Citations of:
The quantum measurement problem: State of play
In Dean Rickles (ed.), The Ashgate Companion to Contemporary Philosophy of Physics. Ashgate (2007)
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The paper explains in what sense the GRW matter density theory is a primitive ontology theory of quantum mechanics and why, thus conceived, the standard objections against the GRW formalism do not apply to GRWm. We consider the different options for conceiving the quantum state in GRWm and argue that dispositionalism is the most attractive one. 

Although the present paper looks upon the formal apparatus of quantum mechanics as a calculus of correlations, it goes beyond a purely operationalist interpretation. Having established the consistency of the correlations with the existence of their correlata, and having justified the distinction between a domain in which outcomeindicating events occur and a domain whose properties only exist if their existence is indicated by such events, it explains the difference between the two domains as essentially the difference between the manifested world (...) 

Recently doubts have been raised about the ability of pilot wave theories with field ontology to recover the predictions of quantum field theory. In particular, Struyve has questioned that the overlap between wave functionals of macroscopically different states with fixed particle number is really nonsignificant.With numerical computations and some further plausibility arguments we show that the overlap between nparticle states in field theory decreases almost exponentially with the number of particles and becomes nonsignificant already for small particle numbers.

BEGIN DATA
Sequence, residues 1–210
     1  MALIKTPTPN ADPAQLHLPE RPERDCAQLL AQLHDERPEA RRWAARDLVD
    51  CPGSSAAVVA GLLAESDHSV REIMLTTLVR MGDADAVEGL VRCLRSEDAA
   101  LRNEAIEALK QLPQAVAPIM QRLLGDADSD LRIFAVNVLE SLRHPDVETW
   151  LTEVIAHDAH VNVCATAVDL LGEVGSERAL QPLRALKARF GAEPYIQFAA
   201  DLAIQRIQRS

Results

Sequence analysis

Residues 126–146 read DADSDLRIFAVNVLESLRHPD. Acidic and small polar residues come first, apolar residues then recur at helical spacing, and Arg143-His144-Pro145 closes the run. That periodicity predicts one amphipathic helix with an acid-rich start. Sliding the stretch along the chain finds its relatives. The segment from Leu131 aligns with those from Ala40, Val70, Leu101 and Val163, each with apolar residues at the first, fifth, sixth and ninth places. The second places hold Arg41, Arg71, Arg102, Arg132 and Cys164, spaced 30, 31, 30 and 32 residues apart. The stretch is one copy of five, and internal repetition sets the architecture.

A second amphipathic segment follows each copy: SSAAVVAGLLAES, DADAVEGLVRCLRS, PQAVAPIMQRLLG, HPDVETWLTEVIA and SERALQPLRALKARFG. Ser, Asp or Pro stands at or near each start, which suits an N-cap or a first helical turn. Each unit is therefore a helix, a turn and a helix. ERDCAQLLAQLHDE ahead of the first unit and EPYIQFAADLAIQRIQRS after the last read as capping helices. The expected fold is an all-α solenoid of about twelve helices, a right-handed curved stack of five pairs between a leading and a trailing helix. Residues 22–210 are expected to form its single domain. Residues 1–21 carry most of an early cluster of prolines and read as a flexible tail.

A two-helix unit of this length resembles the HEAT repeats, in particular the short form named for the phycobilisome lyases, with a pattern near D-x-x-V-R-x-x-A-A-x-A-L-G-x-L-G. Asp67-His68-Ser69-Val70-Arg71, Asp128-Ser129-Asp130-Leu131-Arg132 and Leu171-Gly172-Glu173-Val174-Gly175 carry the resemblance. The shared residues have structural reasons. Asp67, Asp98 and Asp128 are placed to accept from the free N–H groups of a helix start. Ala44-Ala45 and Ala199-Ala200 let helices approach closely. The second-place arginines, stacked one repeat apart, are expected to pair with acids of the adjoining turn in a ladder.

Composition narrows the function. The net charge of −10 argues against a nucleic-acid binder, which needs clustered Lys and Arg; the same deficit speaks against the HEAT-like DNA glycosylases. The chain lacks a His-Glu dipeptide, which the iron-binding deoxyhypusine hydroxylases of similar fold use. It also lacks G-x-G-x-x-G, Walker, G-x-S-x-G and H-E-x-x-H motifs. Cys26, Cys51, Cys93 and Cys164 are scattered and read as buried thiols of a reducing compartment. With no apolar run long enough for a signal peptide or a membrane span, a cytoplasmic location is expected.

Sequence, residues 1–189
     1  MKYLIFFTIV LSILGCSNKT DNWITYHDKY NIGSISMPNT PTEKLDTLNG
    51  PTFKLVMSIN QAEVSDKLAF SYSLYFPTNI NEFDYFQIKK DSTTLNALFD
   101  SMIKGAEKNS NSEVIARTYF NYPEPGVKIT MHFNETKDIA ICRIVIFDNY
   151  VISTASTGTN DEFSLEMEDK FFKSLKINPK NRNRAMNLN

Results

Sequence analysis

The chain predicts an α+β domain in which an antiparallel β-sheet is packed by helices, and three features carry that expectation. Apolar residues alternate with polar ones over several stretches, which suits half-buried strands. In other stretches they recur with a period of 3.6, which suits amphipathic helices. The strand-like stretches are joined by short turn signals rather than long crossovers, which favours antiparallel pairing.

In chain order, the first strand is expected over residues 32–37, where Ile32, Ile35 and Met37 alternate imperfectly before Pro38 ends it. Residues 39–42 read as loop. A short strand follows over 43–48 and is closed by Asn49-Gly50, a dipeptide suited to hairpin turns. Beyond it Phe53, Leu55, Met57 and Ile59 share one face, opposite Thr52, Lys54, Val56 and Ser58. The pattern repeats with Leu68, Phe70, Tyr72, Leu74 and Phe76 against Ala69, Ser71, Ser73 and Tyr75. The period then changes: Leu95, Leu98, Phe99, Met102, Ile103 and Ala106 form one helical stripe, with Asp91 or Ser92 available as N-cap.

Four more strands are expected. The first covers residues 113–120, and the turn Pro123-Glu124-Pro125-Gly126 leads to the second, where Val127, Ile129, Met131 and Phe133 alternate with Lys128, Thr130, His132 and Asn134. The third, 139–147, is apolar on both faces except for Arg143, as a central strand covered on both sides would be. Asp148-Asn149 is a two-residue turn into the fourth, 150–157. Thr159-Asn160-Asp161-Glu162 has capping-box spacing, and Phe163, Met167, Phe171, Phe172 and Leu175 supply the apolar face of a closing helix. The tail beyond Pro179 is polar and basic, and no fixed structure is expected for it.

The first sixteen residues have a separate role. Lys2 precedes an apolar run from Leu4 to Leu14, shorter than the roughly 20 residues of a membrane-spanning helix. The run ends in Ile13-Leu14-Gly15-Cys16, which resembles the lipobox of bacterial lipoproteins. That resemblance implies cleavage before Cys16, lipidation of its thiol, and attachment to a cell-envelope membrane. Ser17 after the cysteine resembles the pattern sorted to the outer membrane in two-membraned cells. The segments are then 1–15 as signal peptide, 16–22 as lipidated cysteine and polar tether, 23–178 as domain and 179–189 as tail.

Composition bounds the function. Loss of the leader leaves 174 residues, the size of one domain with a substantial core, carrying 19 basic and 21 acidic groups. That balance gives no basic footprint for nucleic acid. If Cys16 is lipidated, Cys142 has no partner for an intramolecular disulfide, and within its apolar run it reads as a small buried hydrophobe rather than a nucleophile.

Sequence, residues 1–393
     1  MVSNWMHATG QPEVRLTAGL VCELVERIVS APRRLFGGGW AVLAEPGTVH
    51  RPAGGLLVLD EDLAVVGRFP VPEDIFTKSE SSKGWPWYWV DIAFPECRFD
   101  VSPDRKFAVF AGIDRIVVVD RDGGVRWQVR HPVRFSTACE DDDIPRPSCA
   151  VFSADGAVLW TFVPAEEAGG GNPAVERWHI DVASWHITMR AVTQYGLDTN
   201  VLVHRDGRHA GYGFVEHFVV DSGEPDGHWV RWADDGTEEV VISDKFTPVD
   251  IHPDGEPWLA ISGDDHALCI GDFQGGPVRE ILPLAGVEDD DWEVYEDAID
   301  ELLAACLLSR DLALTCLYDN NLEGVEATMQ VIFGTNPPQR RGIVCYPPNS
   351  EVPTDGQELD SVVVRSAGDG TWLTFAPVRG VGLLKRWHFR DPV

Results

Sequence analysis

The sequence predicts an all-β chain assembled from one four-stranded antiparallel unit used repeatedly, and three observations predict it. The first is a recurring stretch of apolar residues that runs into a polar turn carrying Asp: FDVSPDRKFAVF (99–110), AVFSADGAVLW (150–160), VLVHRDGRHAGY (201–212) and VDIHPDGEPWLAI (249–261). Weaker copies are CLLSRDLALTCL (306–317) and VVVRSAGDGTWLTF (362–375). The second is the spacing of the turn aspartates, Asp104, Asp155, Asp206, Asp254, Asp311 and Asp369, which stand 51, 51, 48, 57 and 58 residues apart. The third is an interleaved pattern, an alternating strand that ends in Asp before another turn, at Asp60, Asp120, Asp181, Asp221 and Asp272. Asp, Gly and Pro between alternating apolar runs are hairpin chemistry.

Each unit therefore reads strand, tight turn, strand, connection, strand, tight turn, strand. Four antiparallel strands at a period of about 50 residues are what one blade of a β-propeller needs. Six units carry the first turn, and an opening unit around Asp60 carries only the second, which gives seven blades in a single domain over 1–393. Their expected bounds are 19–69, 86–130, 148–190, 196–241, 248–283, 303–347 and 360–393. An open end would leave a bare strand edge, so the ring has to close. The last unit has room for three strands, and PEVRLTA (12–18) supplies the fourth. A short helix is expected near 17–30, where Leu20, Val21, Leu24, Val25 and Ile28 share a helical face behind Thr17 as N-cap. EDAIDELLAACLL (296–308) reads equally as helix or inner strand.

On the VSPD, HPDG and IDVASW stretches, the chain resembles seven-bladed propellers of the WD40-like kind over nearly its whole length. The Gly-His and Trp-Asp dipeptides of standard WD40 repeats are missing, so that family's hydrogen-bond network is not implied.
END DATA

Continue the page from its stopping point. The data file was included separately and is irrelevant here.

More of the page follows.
Pure interpretations of quantum theory, which throw away the classical part of the Copenhagen interpretation without adding new structure to its quantum part, are not viable. This is a consequence of a nonuniqueness result for the canonical operators. 

A model for measurement in collapsefree nonrelativistic fermionic quantum field theory is presented. In addition to local propagation and effectivelylocal interactions, the model incorporates explicit representations of localized observers, thus extending an earlier model of entanglement generation in Everett quantum field theory (Rubin in Found. Phys. 32:1495–1523, 2002). Transformations of the field operators from the Heisenberg picture to the DeutschHayden picture, involving fictitious auxiliary fields, establish the locality of the model. The model is applied to manifestlylocal calculations of the results (...) 

It is standardly assumed in discussions of quantum theory that physical systems can be regarded as having welldefined Hilbert spaces. It is shown here that a Hilbert space can be consistently partitioned only if its components are assumed not to interact. The assumption that physical systems have welldefined Hilbert spaces is, therefore, physically unwarranted. 

Some analyses of personal fission suggest that an informed subject should expect to have a distinct experience of each outcome simultaneously. Is rational provision for the future possible in such unfamiliar circumstances? I argue that, with some qualification, the subject can reasonably act as if faced with alternative possible outcomes with precise probabilities rather than multiple actual outcomes.